“The findings, including the topic of points allocation, will be added to the agenda of the next F1 Commission meeting on October 5.”
That wet weekend was made a distant memory just a few days later with F1’s first visit to Zandvoort since 1985. Verstappen mania was intense even though a cap of 70,000 spectators had been imposed by the Dutch government as a Covid precaution. Every single one of them seemed to be in full party mode for the entire weekend and it was extraordinary to see a nation get behind a single driver in such an intensely exuberant way. Orange smoke shrouded the track every time his Red Bull appeared, football stadium cheers went up every time he did a lap to put him at the top of the timing screens. So it was very fitting that he should go on to dominate an event that his own success had essentially brought into existence around the reconfigured seaside circuit. Lewis Hamilton’s Mercedes kept the pressure on, but said afterwards he believed Verstappen, “Had just been toying with us. They were so fast this weekend.”
The biggest challenge faced by Mercedes was getting its car to work through the sequence of Turn 2/3 – the latter the now heavily banked Hugenholtz turn. The gradient of the banking is low at the bottom but rising up to 19 degrees in the top half. The fastest way was to go up high, with the outer wheels even beyond the white line, but the dynamics of the car in getting there were complex. If you were still scrabbling late on the exit of 2, you could not get over to the ideal right-hand approach for the banking. Furthermore the Merc was repeatedly scraping its front wing endplate through the banking and there was a genuine question of whether the car’s long wheelbase was proving a specific handicap. At no point in the weekend could Hamilton get anything closer than 0.18sec slower than Verstappen just through that short sequence. Which was the major chunk of the Red Bull’s lap time advantage. That banking definitely played its part in the fairytale outcome for the Dutch fans.
Verstappen and Hamilton in their duel locked themselves into two-stop strategies while Valtteri Bottas in third set a more restrained one-stopping pace, a long way clear of the Pierre Gasly-led midfield battle in which the Ferraris and Alpines were also involved. The idea at Mercedes was to use Bottas to help put a strategic pincer on Verstappen, who was ensuring he was always just out of Hamilton’s undercut reach. No matter what Hamilton tried, Verstappen had the speed in hand to answer and so was able to respond a lap later to Hamilton’s first stop and still emerge ahead. This left the yet-to-stop Bottas in the lead and as Verstappen and Hamilton quickly closed him down on their fresh tyres, so there was possible opportunity for Bottas to delay the Red Bull and put Hamilton right on its tail. That is indeed what happened but Verstappen was able to make a clean pass on the leader at the beginning of the following lap. To the wild approval of the crowd, of course. From there he eased out of Hamilton’s reach once more.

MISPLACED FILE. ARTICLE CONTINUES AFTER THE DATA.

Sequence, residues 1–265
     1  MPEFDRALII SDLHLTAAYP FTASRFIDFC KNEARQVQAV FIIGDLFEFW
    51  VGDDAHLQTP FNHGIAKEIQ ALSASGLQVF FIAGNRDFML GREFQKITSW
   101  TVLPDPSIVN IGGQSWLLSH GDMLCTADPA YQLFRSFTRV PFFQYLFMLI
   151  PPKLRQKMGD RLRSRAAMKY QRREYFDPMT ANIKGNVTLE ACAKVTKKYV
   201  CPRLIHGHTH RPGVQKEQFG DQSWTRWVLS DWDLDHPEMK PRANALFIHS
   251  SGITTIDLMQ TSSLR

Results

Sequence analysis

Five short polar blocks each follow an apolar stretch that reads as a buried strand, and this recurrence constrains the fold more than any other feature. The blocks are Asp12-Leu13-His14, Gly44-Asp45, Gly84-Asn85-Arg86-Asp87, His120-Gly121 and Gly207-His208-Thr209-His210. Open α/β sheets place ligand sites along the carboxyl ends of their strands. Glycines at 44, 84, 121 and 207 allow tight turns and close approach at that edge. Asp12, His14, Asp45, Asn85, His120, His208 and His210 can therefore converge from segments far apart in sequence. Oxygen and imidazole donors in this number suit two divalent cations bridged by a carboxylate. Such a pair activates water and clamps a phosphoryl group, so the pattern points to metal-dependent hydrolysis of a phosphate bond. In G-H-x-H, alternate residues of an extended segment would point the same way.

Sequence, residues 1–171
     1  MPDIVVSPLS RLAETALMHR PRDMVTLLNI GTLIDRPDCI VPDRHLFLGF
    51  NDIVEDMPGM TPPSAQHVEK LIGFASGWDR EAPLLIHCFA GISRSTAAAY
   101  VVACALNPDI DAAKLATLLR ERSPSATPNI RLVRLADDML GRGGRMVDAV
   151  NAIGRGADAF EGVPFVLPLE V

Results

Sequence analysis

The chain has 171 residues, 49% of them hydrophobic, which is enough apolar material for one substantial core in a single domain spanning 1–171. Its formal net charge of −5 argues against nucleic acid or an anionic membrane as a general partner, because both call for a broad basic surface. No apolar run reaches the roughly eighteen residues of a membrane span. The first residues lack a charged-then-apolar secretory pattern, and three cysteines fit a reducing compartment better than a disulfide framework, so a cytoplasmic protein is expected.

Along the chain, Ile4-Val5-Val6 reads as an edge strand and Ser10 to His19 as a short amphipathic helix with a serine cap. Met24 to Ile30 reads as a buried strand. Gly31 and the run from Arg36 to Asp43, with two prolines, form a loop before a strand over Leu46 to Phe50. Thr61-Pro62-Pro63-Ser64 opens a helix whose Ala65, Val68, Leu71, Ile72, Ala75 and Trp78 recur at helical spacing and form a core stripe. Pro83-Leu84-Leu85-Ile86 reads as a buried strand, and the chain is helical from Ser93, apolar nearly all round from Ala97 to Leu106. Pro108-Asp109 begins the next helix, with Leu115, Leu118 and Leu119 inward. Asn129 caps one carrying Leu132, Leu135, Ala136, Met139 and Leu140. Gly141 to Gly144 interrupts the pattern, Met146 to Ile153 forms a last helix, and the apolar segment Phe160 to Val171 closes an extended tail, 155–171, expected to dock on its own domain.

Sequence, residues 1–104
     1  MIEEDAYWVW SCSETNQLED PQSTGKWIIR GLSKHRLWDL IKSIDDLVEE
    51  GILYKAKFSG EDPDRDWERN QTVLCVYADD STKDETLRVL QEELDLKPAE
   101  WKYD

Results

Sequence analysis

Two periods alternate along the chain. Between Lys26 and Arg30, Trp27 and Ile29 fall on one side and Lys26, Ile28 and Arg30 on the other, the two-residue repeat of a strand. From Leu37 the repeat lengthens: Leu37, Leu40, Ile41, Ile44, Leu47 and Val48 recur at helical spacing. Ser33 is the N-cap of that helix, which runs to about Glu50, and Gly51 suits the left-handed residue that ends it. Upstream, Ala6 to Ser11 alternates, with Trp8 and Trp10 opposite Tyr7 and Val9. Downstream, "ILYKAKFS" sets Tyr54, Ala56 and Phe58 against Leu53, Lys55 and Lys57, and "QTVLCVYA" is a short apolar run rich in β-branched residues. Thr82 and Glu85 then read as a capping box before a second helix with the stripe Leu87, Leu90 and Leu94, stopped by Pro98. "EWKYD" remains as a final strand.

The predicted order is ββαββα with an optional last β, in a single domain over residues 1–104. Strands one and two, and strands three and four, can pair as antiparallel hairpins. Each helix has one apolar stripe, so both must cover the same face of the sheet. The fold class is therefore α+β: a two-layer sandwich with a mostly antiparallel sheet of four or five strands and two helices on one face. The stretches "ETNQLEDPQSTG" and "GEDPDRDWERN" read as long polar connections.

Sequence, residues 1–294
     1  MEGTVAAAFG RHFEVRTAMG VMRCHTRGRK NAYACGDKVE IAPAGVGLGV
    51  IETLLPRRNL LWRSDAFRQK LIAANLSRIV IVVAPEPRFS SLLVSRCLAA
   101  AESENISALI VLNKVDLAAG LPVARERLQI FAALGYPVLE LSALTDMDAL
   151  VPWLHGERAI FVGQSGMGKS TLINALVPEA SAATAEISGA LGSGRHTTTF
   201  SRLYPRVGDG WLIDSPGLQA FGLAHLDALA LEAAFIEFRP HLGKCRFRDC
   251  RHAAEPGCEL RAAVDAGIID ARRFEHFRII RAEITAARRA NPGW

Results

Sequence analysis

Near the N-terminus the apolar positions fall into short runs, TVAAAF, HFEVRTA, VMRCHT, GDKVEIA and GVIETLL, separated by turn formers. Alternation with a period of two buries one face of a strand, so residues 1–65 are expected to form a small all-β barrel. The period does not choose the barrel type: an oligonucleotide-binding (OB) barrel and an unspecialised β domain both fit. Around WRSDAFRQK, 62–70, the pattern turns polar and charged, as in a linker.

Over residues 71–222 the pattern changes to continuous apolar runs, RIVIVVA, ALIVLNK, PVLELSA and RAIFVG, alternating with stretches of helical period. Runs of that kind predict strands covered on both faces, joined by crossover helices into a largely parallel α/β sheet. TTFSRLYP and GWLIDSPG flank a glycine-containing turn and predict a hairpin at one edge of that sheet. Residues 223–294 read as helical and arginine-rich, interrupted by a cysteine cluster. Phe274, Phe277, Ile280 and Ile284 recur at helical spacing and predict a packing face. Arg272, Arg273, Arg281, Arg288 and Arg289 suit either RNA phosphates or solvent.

As Hamilton initiated the second stops still with half the race distance to go, he was put onto medium tyres. Verstappen was put onto hards as he responded the following lap. With his initially faster tyres, Hamilton was able to slowly reduce the gap, though he suspected Verstappen would have performance in hand. The Red Bull driver indeed stepped up the pace. Just as Hamilton’s tyres began to fade. From that point onwards Verstappen was able to increase his lead every lap on his way to an historic victory, whipping the crowd into an orange frenzy. Hamilton made a late third stop, to at least take the fastest lap point. So close is this title contest, it could be decided on such small margins.
Just as Zandvoort made Spa ancient history so, a week later, Monza did the same to Zandvoort. The long straights were perfect territory for the lower-drag Mercedes, something confirmed in Friday qualifying when Bottas and Hamilton locked out the front row for the sprint race, 0.4sec clear of Verstappen. It was already known that Bottas would be taking multiple grid penalties in the main race on Sunday for a new power unit and associated changes.
“McLaren secured its first victory in nine years and a 1-2 at that”
Which should have made the Saturday sprint race the perfect preparation for a Hamilton victory in the main event, by sitting him on pole.
But it didn’t work out that way. Hamilton made a disastrous wheel-spinning getaway on Saturday and was only fifth out of the first corner. Bottas led from start-to-finish, tailed throughout by Verstappen. Hamilton was unable to find a way past the fast-on-the-straight McLaren of Lando Norris and finished fifth, putting him fourth on the grid on Sunday, and behind two of those inconveniently quick McLarens. Verstappen would start from pole – which on the ultimate Mercedes circuit was a potentially hugely powerful swing in the championship.